Cyanosis is common due to R-L shunt and/or severe heart failure. It may be transient in neonatal life with recurrence in adult life or may appear for the first time in adult life. Transient appearance or worsening of cyanosis may occur in adult life due to paroxysmal arrhythmias. Those who survive to adulthood may become symptomatic due to onset of arrhythmias, or by pregnancy. Fatigue and dyspnea may occur due to poor cardiac output secondary to RV failure and decreased LV ejection fraction. [7] Symptoms of right heart failure such as ankle edema and ascites may be present. Less common presenting symptoms may be brain abscess, bacterial endocarditis, paradoxical embolism, stroke, and transient ischemic attacks. [5] A few remain asymptomatic even in adulthood, and the anomaly is discovered incidentally in them. [8] Fatal ventricular arrhythmias, congestive heart failure and sudden collapse are the common causes of death. Our patient had cyanosis due to the presence of an ASD with R-L shunt across it and had suffered a parietal cerebral infarct 8 months earlier.

Hazards during anesthesia include development of cardiac tachyarrhythmias and hypoxemia as the result of increases in the magnitude of the R-L shunt. Several modes of anesthetic management in patients with EA have been described. [3],[9],[10],[11] Delivery of general anesthesia (GA) avoids hypotension and endotracheal intubation in GA enables control of oxygen delivery; however, induction times are prolonged because of pooling of drugs in the large RA. [12] Arrhythmia and tachycardia may occur after intubation/extubation of the trachea and a light plane of anesthesia may cause a sudden rise in the pulmonary artery pressure. Tachycardia impairs filling of the functionally small RV. Hypotension may increase the R-L shunt. Hypoxia causes pulmonary vasoconstriction and may increase the R-L shunt, thus, the patient may enter in a vicious cycle of pulmonary hypertension, increasing R-L shunt and right ventricular failure, finally ending in circulatory failure.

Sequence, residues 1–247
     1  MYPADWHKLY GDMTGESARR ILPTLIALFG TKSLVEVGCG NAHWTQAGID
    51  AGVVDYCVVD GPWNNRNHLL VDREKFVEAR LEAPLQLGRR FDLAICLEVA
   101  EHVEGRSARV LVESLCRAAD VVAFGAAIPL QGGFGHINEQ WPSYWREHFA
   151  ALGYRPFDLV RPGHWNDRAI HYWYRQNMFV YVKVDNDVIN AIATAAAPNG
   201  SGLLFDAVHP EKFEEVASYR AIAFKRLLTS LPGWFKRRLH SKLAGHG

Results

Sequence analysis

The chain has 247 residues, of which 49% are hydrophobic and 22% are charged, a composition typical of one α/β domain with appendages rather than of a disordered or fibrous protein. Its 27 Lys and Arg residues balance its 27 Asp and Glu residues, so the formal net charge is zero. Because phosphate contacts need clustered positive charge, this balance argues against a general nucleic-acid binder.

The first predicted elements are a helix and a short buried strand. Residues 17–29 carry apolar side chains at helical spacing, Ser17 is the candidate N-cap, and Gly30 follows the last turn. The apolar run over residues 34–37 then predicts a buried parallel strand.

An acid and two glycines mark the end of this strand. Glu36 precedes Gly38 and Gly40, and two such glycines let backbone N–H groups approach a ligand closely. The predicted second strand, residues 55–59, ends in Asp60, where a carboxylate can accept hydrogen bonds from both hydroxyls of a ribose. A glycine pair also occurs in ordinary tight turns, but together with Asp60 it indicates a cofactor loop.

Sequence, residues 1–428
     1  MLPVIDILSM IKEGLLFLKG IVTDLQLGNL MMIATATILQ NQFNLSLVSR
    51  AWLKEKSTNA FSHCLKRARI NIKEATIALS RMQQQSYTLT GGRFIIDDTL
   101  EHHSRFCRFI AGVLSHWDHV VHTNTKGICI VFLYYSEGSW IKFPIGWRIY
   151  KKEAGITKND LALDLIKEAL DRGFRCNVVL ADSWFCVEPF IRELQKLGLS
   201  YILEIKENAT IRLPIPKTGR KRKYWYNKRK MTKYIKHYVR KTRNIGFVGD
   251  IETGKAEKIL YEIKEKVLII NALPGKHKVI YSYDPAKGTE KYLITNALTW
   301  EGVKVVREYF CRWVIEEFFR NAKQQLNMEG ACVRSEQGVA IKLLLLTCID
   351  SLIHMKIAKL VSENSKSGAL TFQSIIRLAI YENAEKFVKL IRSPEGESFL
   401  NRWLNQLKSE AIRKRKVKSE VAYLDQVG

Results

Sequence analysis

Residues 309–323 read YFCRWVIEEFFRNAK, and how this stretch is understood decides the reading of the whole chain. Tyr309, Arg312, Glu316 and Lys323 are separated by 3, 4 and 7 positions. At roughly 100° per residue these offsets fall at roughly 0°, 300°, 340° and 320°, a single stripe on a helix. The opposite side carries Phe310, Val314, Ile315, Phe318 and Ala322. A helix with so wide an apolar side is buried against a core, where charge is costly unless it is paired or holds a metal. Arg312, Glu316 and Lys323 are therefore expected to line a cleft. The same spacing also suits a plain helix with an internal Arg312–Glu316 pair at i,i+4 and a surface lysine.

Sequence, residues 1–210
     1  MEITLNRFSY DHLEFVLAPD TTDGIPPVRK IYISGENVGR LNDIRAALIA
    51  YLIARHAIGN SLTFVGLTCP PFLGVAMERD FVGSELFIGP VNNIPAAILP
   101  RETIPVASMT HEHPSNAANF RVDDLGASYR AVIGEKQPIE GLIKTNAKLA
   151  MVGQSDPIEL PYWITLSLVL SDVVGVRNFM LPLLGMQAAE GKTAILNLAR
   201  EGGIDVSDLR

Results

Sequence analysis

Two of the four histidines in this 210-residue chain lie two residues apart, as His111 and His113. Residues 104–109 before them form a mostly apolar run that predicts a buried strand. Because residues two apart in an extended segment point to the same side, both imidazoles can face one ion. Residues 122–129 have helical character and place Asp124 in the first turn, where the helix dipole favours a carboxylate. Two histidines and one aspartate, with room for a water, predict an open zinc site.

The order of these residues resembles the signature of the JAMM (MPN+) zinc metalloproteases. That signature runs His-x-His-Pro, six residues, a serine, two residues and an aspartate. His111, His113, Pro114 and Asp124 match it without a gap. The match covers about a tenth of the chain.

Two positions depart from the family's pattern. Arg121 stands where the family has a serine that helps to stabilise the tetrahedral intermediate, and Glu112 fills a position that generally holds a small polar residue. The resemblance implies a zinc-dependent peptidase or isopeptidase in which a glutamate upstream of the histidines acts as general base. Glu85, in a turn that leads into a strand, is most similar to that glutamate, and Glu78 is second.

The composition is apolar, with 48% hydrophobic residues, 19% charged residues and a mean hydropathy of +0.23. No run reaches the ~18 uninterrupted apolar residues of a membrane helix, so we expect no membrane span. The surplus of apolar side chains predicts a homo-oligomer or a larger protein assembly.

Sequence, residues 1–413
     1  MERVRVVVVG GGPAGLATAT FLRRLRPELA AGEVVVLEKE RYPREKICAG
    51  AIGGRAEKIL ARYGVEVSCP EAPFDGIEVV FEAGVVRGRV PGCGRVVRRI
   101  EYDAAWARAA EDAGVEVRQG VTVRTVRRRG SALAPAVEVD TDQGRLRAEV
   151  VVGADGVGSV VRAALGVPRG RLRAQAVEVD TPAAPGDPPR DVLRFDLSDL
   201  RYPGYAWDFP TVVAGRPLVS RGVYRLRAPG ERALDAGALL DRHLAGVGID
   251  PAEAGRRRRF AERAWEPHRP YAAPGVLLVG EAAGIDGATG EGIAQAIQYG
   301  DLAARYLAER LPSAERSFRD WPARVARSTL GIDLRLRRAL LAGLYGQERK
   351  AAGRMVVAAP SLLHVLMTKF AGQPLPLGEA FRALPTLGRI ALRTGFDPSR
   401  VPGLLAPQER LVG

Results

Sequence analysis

Successful use of epidural anesthesia has been reported in a 58-year-old patient of EA for ankle fracture reduction. [13] The authors avoided central venous pressure (CVP) monitoring or pulmonary artery catheter insertion and rather used transthoracic echocardiography for evaluation of cardiac function. Epidural anesthesia, using a two catheter technique has also been successfully employed for elective cesarean delivery in a patient of EA. [14] Value of CVP monitoring is questionable in presence of severe TR and paradoxical air embolism through the ASD may occur with its use. Intra-cardiac catheter insertion may provoke serious arrhythmias [3],[13] and thus the CVP catheter tip should be kept within the superior vena cava. Insertion of a pulmonary artery catheter is technically difficult in the presence of TR and though its use may help evaluate cardiac preload, its insertion may promote tachyarrhythmias and paradoxical embolization. We did not place a pulmonary artery catheter. Transthoracic or transesophageal echocardiography is useful to monitor cardiac function and output, but we did not have the same at our center. Invasive arterial blood pressure monitoring may have helped us measure the blood gas parameters more frequently, but we unfortunately did not do so.